Intracellular pH in human arterial smooth muscle. Regulation by Na+/H+ exchange and a novel 5-(N-ethyl-N-isopropyl)amiloride-sensitive Na(+)- and HCO3(-)-dependent mechanism.
We investigated in a physiological salt solution (PSS) containing HCO3- the intracellular pH (pHi) regulating mechanisms in smooth muscle cells cultured from human internal mammary arteries, using the pH-sensitive dye 2',7'-bis(2-carboxyethyl)-5(6)-carboxyfluorescein (BCECF) and 22Na+ influx rates. The recovery of pHi from an equivalent intracellular acidosis was more rapid when the cells were incubated in CO2/HCO3(-)-buffered PSS than in HEPES-buffered PSS. Recovery of pHi was dependent on extracellular Na+ (Km, 13.1 mM); however, it was not attenuated by 4-acetamido-4'-isothiocyanatostilbene-2,2'-disulfonic acid (SITS), indicating the absence of SITS-sensitive HCO3(-)-dependent mechanisms. Recovery instead appeared mostly dependent on processes sensitive to 5-(N-ethyl-N-isopropyl)amiloride (EIPA), indicating the involvement of Na+/H+ exchange and a previously undescribed EIPA-sensitive Na(+)- and HCO3(-)-dependent mechanism. Differentiation between this HCO3(-)-dependent mechanism and Na+/H+ exchange was achieved after depletion of cellular ATP. Under these conditions, the NH4Cl-induced 22Na+ influx rate stimulated by intracellular acidosis was markedly attenuated in HEPES-buffered PSS but not in CO2/HCO3(-)-buffered PSS. EIPA also appeared to inhibit the two mechanisms differentially. In HEPES-buffered PSS containing 20 mM Na+, the EIPA inhibition curve for the intracellular acidosis-induced 22Na+ influx was monophasic (IC50, 39 nM), whereas in an identical CO2/HCO3(-)-buffered PSS, the inhibition curve exhibited biphasic characteristics (IC50, 37.3 nM and 312 microM). Taken together, the results indicate that Na+/H+ exchange and a previously undescribed EIPA-sensitive Na(+)- and HCO3(-)-dependent mechanism play an important role in regulating the pHi of human vascular smooth muscle. The involvement of the latter mechanism depends on the severity of the intracellular acidosis, varying from approximately 25% in severe intracellular acidosis up to 50% at lesser, more physiological, levels of induced acidosis.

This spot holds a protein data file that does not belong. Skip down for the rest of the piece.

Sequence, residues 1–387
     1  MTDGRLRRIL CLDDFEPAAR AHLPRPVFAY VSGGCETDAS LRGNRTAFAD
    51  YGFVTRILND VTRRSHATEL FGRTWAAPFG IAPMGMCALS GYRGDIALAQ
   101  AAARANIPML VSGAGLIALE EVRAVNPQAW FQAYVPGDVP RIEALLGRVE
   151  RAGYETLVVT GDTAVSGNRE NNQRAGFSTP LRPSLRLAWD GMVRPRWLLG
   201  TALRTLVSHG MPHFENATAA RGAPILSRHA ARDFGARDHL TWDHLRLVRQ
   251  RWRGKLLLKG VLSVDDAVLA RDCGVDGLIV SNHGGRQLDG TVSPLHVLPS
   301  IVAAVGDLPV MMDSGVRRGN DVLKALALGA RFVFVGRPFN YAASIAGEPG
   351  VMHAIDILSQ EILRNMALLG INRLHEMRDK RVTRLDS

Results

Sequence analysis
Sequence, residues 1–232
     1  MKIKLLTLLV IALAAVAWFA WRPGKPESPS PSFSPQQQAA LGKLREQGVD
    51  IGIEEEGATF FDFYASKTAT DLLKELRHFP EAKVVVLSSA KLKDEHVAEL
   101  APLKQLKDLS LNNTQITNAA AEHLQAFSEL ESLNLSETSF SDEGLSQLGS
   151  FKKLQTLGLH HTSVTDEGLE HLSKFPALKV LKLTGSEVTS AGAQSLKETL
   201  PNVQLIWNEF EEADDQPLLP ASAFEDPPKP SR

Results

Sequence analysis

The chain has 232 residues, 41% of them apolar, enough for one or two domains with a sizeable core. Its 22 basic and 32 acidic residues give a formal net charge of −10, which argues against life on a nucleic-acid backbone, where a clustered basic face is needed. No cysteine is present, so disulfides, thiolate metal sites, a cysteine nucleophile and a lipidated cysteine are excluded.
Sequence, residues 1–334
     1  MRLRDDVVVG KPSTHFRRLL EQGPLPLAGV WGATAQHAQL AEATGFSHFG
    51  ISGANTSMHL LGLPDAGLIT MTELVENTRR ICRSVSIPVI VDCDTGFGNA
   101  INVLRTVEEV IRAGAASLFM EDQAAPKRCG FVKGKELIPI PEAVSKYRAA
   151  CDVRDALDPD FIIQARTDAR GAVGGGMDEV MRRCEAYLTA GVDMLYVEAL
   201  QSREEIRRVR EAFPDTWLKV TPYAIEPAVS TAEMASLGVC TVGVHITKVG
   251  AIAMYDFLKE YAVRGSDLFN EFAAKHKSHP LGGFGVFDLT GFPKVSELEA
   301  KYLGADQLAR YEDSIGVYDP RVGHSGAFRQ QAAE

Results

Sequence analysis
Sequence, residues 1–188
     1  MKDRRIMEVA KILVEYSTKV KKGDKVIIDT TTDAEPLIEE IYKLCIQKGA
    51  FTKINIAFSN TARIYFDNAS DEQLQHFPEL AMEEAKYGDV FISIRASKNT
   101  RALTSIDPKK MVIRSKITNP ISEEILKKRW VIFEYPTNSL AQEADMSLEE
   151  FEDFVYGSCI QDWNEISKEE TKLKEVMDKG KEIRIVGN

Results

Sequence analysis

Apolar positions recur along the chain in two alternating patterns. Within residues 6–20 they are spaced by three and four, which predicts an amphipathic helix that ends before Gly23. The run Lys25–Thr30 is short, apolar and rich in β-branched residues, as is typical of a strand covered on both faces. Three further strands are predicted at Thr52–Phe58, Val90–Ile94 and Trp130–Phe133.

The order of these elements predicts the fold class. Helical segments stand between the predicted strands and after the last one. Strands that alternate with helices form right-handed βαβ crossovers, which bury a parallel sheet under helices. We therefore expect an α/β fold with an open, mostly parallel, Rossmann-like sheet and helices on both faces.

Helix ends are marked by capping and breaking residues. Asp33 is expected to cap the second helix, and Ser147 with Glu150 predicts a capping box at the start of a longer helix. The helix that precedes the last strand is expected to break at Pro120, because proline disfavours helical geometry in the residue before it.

- Copyright © 1990 by American Heart Association